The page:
It is one of the world's greatest natural wonders, taking place this very moment in our backyards and parks, in the skies over our communities, and all across our forests and Pacific shores -- yet passing virtually undetected by the public.Go read the whole article!
"A tsunami of birds all around us," confirms Rob Butler, a former senior scientist with the Canadian Wildlife Service in Delta who now works with Bird Studies Canada. "It's astounding that people don't see them."
Ruby-throated hummingbirds cross the Gulf of Mexico in about 20 hours, flying all night to accomplish the remarkable 800-kilometre journey.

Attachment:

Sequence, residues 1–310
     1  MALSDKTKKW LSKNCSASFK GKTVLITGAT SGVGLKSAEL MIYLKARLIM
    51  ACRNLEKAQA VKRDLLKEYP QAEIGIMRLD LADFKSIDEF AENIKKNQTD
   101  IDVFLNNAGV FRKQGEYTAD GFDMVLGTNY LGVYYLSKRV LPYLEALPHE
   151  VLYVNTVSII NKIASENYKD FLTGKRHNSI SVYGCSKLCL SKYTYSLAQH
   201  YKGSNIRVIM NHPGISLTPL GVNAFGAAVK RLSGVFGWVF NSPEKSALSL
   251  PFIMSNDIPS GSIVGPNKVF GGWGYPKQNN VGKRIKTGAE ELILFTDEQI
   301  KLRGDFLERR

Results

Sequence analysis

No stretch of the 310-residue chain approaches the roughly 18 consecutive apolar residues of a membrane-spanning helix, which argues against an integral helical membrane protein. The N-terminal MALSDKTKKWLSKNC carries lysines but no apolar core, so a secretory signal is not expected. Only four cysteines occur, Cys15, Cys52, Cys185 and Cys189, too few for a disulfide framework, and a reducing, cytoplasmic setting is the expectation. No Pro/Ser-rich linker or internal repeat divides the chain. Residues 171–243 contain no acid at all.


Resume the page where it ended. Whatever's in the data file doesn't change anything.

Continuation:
The blackpolled warbler has been known to travel non-stop for up to 3,500 kilometres over 3 1/2 days.
Ruddy turnstones, a species of shorebird, can fly 7,600 kilometres non-stop from Australia to Taiwan in just over six days -- averaging 50 to 55 kilometres per hour -- before continuing on to northern Siberia. One bird tracked on its round trip via the central Pacific logged 27,000 kilometres.
But the sooty shearwater -- a pelagic seabird that breeds in New Zealand and eats fish, squid, and other marine life -- holds the record for the longest round-trip migration on earth: 65,000 kilometres etched in a giant figure eight across the Pacific.
"They're like Tour de France athletes," Butler says of these long-distance migrants.
Saturday, May 8, 2010
Here is a nice article in the Vancouver Sun by Larry Pynn about bird migrations. I've watched flocks move north and south in the Vancouver area and loved the majesty of large numbers of birds on the wing.